How does it affect my child?
Imagine what it is like listening while you are underwater, or being in a foreign country where you understand only parts of what you hear. You smile, nod, and try to catch on; some of the rapidly spoken words are familiar but others are totally baffling, you listen for awhile, then lose interest as it becomes increasingly difficult to follow what’s being said.
This is what life is like for children with auditory processing problems. If they are particularly intelligent or social, they devise numerous strategies to cope in a world of rapidly changing speech. As the child gets older, however, these coping mechanisms lose their effectiveness. In the younger years, children with auditory processing problems fare more easily as oral directions are short and accompanied by gestures. As spoken interactions become more complex and learning in the classroom depends upon good listening and comprehension skills, these children face more academic, social, and self-esteem challenges.
Brain researchers such as Michael Merzenich, Ph.D., have proved (via brain imaging) that it is critical that one perceives the signal (what is said) accurately, understands the rapidly produced speech of others, and encodes this information into memory for later use. If one has ear infections as a young child, much of what the child heard and encoded during that time may have sounded “fuzzy” or may have been inaccurate due to the fluid in the ear distorting the sound.For others, a number of causal factors may have occurred, some we understand and some we don’t. Today, Neuroscience is evolving and we continually get better at understanding how our brains work. So, let’s say that because of the “fuzzy” sound, a child may hear “Go pat your toys” instead of “Go pack your toys.” Well the child figures it out based upon the knowledge that the family is going to Grandma’s this weekend.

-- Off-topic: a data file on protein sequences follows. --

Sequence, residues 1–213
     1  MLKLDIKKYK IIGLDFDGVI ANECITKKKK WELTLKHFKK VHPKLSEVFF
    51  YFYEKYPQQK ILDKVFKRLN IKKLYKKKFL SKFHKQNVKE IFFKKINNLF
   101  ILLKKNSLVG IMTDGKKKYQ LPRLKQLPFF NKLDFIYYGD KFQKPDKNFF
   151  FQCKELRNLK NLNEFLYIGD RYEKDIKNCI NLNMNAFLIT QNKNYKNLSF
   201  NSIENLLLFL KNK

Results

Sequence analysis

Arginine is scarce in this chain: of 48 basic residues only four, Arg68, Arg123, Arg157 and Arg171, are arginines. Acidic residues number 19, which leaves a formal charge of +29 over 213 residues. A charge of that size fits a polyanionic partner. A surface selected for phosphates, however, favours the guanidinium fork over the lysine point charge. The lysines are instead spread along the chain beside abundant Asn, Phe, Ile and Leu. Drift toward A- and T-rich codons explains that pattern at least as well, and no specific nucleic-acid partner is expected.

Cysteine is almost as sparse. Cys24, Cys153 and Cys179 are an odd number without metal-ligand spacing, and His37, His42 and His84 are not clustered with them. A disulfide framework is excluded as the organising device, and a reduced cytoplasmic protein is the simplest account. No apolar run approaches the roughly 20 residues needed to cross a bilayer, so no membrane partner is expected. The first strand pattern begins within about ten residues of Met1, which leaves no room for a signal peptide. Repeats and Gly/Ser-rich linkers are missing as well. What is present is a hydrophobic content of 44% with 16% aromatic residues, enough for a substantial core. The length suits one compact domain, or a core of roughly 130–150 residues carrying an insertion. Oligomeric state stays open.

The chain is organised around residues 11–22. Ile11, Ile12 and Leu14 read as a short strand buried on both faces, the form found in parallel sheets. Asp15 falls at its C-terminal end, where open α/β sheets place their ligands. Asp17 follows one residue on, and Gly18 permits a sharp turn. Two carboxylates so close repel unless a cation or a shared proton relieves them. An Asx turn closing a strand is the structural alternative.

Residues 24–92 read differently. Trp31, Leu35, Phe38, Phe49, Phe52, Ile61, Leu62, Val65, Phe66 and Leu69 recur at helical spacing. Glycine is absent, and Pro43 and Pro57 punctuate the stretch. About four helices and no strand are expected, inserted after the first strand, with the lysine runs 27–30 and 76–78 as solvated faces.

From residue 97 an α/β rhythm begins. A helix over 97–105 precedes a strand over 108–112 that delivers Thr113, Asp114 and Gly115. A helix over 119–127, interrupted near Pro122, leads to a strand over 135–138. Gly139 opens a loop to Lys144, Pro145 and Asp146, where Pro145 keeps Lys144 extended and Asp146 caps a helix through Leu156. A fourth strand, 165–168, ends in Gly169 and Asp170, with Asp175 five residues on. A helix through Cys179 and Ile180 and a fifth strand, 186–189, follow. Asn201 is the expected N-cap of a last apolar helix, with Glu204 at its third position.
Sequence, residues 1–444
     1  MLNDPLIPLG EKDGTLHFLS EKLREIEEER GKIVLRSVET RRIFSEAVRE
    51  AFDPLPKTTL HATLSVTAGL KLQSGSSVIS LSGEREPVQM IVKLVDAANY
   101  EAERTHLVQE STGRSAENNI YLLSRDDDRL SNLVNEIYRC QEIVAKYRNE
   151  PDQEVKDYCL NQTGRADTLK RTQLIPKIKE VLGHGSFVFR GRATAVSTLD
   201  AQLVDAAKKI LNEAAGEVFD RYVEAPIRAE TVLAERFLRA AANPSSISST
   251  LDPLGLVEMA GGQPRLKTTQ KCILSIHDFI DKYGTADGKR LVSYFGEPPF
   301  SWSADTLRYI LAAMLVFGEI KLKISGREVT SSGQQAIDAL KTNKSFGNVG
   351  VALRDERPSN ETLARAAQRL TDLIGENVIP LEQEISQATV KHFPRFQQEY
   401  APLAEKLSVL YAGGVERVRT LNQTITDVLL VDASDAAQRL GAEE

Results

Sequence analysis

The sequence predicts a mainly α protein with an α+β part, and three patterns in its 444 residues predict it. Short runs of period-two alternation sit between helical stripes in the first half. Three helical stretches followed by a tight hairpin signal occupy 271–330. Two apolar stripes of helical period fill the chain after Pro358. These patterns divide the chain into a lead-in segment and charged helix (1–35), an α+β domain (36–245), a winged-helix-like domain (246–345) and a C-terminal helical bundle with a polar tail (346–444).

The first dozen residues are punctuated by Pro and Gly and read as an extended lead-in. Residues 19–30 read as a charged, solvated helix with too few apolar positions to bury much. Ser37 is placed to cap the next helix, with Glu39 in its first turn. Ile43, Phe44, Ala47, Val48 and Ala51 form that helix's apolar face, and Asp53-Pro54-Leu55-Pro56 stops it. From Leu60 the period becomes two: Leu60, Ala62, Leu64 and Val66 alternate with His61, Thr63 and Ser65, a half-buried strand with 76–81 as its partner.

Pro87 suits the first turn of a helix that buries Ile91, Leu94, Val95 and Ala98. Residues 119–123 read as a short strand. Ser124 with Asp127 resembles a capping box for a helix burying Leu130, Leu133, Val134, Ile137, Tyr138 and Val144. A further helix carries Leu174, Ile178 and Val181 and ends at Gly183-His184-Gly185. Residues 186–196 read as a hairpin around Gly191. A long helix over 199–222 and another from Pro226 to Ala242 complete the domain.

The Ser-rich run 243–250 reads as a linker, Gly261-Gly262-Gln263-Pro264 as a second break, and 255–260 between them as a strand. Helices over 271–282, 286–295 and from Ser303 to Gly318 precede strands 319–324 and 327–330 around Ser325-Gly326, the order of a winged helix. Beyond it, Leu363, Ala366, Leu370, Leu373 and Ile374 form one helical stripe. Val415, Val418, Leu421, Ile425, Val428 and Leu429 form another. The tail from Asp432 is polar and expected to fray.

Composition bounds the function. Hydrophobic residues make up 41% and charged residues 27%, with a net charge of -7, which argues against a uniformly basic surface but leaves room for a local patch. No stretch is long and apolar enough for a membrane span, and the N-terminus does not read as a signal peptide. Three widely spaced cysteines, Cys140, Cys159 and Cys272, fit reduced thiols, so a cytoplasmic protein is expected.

However, these subtle changes in sounds and our ability to perceive them accurately and rapidly can certainly affect one’s ability to listen, learn, and remember. It can take a few milli-seconds or a few seconds to interpret the message. This delay in processing the auditory information may result in ‘losing’ parts of the next incoming signal and possibly encoding only pieces of the whole message.